5. 5. November 19th, 2001 o Nokia Unveils 2.5G Symbian OS v6.1 Phone Nokia Unveils 2.5G Symbian OS v6.1 Phone 15:45 PM GMT on Nov 19, 2001 [Business Wire] Nokia today announced the Nokia 7650 - the world's first 2.5G Symbian OS mobile phone with advanced messaging and imaging capabilities. Featuring an inbuilt camera, enhanced user interface and large colour display, the Nokia 7650 is the first mobile phone to be announced based on Symbian OS v6.1. Key features of the Nokia 7650 are its support for GPRS as well as HSCSD connections, WAP, Bluetooth, SyncML, infrared capability, email, MIDP Java support and multimedia messaging (MMS). "The wireless industry has been waiting for a new type of mobile phone to drive home the benefits of advanced data services. The Nokia 7650, based on the advanced, open Symbian OS, heralds the arrival of this next generation of mobile phone and sets a fresh direction for the industry. A world' first in terms of its multimedia messaging capability, the Nokia 7650 is also the first always connected Symbian OS phone to be squarely targeted at the mass consumer market," said Colly Myers, CEO, Symbian. Imaging functionality of the Nokia 7650 includes an integrated digital camera with a VGA resolution, picture taking and sending, a photo album for storing pictures, and a large 176x208 pixel colour display. The MMS works much the same way as SMS messages, but allows users to combine audio-, graphic-, text- and imaging content in one message. Once the user has selected a picture, written a text, and included an audio clip, a multimedia message can be sent directly to another multimedia messaging- capable terminal, as well as to the recipients email address. The combination of the advanced, open Symbian OS, with the advanced multimedia and imaging functions of the Nokia 7650, also provides a compelling new target device for developers wanting to create additional content, services and applications for the mobile user. Nokia have announced that the Nokia 7650 will be available in Europe and Asia during Q2, 2002. o GSM Europe to Address Base Station Concerns o AT&T Wireless Breaks 'Carrier Barrier' AT&T Wireless Breaks 'Carrier Barrier' 16:30 PM GMT on Nov 19, 2001 [PR Newswire] Starting today, AT&T Wireless customers will be the first in the country to be able to send a "Season's Greetings" text message to virtually any wireless phone - regardless of the carrier - simply by knowing the recipient's phone number. AT&T Wireless 2-Way Text Messaging customers no longer have to worry about what wireless company their friends, family or colleagues use. "We are giving our customers more choice and convenience, while enabling them to take advantage of the growing popularity of text messaging," said Lisa Jo Wilson-Knight, vice president, marketing services, AT&T Wireless. "This is just the beginning, now text messaging is almost as seamless and as far-reaching as voice calling." This expanded reach and ease-of-use gives customers the option of abandoning traditional pen-and- paper greetings in favor of delivering words from the heart, right from their wireless phones. For example, during Thursday's game Bronco football fans can give Dallas fans a ribbing with a text message like, "Hey, Trky - Dnvr up by a TD! :-)" Eliminating messaging barriers to drive use, adoption nationwide AT&T Wireless was the first national carrier to bring short messaging service (SMS) to the United States. Less than one year later, the company takes text messaging to the next level by enabling its customers to send messages across carriers -- and just in time to meet the "holiday rush" seen overseas. In Europe, where interoperability is not an issue since carriers share the same network technology, text messaging volumes tend to spike during the holiday season. Last year, the GSM Association reported a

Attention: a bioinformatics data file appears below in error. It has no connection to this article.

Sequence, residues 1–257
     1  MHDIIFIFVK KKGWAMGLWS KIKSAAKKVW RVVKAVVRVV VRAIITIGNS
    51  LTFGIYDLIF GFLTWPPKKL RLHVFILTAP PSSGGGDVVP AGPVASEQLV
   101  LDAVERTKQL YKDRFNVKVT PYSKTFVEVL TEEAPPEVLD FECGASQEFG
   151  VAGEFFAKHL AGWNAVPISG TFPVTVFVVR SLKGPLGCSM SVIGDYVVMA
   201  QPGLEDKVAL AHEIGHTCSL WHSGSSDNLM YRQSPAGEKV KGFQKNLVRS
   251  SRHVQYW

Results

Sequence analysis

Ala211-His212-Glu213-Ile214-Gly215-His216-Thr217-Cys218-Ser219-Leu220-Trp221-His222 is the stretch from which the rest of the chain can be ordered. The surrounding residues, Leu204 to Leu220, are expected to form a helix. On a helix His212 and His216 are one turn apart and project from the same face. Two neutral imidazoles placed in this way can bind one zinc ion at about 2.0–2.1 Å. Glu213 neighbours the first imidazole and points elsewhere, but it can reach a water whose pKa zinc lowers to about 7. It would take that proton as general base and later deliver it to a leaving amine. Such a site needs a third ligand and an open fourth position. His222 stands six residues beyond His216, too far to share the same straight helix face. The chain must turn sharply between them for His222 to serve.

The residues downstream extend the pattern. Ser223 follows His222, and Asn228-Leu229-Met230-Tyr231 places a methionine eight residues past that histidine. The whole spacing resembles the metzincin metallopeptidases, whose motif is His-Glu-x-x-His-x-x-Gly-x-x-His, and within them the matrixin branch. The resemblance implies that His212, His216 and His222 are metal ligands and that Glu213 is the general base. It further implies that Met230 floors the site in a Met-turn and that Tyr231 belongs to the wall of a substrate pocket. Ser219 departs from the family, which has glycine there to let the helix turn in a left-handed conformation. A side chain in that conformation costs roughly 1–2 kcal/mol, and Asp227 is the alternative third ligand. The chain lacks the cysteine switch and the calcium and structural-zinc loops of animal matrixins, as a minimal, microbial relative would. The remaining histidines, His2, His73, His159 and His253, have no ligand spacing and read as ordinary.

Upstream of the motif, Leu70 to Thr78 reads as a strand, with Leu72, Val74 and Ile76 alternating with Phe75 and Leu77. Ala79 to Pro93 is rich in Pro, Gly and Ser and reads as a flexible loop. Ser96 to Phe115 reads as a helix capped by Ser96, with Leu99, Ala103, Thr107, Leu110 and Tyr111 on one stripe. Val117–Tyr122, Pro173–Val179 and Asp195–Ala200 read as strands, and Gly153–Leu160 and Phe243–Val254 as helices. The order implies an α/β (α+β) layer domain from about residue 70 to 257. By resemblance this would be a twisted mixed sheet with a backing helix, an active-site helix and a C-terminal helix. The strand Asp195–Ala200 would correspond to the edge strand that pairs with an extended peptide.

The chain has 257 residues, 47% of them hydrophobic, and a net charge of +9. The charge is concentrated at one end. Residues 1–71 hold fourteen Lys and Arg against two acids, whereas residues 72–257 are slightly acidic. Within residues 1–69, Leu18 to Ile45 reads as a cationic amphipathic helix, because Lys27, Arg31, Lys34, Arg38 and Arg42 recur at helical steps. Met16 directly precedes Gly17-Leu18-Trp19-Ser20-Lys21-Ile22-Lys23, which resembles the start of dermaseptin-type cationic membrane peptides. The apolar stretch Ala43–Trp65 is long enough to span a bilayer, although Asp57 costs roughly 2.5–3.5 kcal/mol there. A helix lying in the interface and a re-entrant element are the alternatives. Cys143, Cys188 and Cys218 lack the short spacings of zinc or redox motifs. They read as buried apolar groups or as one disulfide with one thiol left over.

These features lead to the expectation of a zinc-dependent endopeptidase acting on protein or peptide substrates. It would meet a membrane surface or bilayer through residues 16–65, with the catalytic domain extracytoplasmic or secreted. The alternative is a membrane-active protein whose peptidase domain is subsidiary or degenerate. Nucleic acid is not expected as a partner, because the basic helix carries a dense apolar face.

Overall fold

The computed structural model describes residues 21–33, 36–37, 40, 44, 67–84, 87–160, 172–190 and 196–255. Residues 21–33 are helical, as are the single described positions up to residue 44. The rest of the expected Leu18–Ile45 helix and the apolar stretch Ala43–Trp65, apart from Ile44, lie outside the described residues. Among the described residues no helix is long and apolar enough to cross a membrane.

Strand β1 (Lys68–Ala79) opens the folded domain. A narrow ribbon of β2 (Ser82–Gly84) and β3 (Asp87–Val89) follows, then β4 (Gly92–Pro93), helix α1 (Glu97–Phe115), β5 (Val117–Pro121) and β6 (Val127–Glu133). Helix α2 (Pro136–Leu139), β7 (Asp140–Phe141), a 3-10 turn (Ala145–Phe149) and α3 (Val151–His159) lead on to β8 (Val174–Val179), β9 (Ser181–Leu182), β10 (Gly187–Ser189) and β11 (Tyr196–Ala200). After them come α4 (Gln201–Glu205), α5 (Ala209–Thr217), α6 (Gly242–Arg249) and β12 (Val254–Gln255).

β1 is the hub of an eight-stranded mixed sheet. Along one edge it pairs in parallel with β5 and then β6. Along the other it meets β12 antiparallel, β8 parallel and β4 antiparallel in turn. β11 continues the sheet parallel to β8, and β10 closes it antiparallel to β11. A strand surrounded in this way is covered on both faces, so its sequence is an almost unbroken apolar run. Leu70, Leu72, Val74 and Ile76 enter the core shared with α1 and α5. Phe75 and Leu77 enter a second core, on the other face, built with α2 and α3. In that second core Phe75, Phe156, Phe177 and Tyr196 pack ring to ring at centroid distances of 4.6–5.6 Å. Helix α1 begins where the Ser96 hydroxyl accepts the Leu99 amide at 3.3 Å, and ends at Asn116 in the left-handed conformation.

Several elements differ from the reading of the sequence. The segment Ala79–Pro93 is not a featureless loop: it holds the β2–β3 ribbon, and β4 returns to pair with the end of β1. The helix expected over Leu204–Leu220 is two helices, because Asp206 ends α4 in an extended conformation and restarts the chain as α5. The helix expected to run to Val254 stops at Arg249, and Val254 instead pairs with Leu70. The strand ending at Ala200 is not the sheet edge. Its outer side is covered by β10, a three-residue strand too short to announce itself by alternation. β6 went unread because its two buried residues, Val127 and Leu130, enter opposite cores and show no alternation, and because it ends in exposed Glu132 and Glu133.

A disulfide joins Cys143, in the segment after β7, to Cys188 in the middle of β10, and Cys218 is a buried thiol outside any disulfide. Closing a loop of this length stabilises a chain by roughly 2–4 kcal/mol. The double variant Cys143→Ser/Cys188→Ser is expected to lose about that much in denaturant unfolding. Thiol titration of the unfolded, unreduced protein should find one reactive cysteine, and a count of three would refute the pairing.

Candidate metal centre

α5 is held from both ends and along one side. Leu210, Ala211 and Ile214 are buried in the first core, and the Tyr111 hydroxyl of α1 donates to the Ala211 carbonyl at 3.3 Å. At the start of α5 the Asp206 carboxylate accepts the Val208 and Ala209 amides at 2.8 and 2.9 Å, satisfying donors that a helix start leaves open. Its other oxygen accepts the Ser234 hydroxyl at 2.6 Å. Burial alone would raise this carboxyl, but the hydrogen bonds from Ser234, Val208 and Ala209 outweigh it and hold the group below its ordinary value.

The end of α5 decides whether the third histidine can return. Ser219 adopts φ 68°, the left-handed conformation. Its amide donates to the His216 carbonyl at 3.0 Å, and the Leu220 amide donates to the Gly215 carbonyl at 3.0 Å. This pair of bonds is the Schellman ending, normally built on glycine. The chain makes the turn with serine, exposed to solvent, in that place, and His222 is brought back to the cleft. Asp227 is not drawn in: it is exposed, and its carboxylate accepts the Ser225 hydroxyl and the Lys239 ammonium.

6. 6. record 15 million SMS were sent over the world's GSM wireless networks during December 2000 -- a figure that indicates a five-fold increase in the volume of messages typically generated monthly. (1) "With this move, AT&T Wireless has staked out a clear leadership position in providing messaging services that other carriers will surely follow," said Keith Mallinson, executive vice president of the Yankee Group. "To date, the biggest obstacle inhibiting the growth of messaging in the US has been the lack of interoperability between carriers. By removing this barrier, we believe that US consumers and businesses will finally begin to adopt messaging services en masse, as we have seen in many other countries." AT&T Wireless' inter-carrier text messaging capability is available to post-paid and prepaid subscribers in all of the company's TDMA and GSM markets. InphoMatch, Inc., a wireless messaging solution provider, provides the software for AT&T Wireless' inter-carrier messaging services. InphoMatch's advanced routing system sends messages between and across U.S. carriers simply by using a wireless phone number, while remaining transparent to the customer. AT&T Wireless customers with 2-way text-messaging capable phones may choose from two text messaging feature plans: * Pay no monthly charge and pay $.10 per message sent. * $4.99 per month with 100 included outgoing messages and $.10 per message thereafter. Both offer unlimited incoming messages and allow messages to be sent to subscribers of other carriers for no additional charge. o Unimobile, Ticketmaster to Deploy Mobile Application for NHL Unimobile, Ticketmaster to Deploy Mobile Application for NHL 15:15 PM GMT on Nov 19, 2001 [PR Newswire] Unimobile Inc., a leading provider of global mobile messaging solutions for enterprises, and Ticketmaster, the world's leading ticketing and access company, today announced the deployment of a pilot mobile notification solution for the NHL's Carolina Hurricanes. This first-of-its-kind application, developed by Unimobile, allows Ticketmaster's customers to receive ticket offers on their mobile phones on an opt-in basis and use the call back number and promotion code to complete the purchase. Using Unimobile's solution for the pilot, Ticketmaster is delivering personalized ticket availability notifications and ticket offers to fans of the NHL's Carolina Hurricanes who have opted in to receive alerts on their mobile phones and pagers, based on preferences set by each customer. Customers have the option of buying tickets by responding to an embedded phone number in the message and providing the promotion code. Customers can also use the promotion code for ticket purchases on the website and on the Ticketmaster wireless website. "We're very excited to be working with Ticketmaster on this innovative mobile messaging application," said Vas Bhandarkar, Chairman and CEO of Unimobile. "The success of this service will open the doors for a range of innovative mobile interactive services, that will allow mobile users to instantly access information and conduct transactions from their mobile phones, wherever they are." o DoCoMo to Limit E-Mail Greetings on New Year 22nd of November, 2001 o Gasping for Air Gasping for Air 16:30 PM GMT on Nov 20, 2001 [Electronic Business] U.S. wireless carriers are suffocating for lack of spectrum. Already hard-pressed to meet current demand, vendors say the situation could become even more dire as the industry implements third-generation (3G) wireless data transmission. U.S. manufacturers could fall behind their European and Asian counterparts,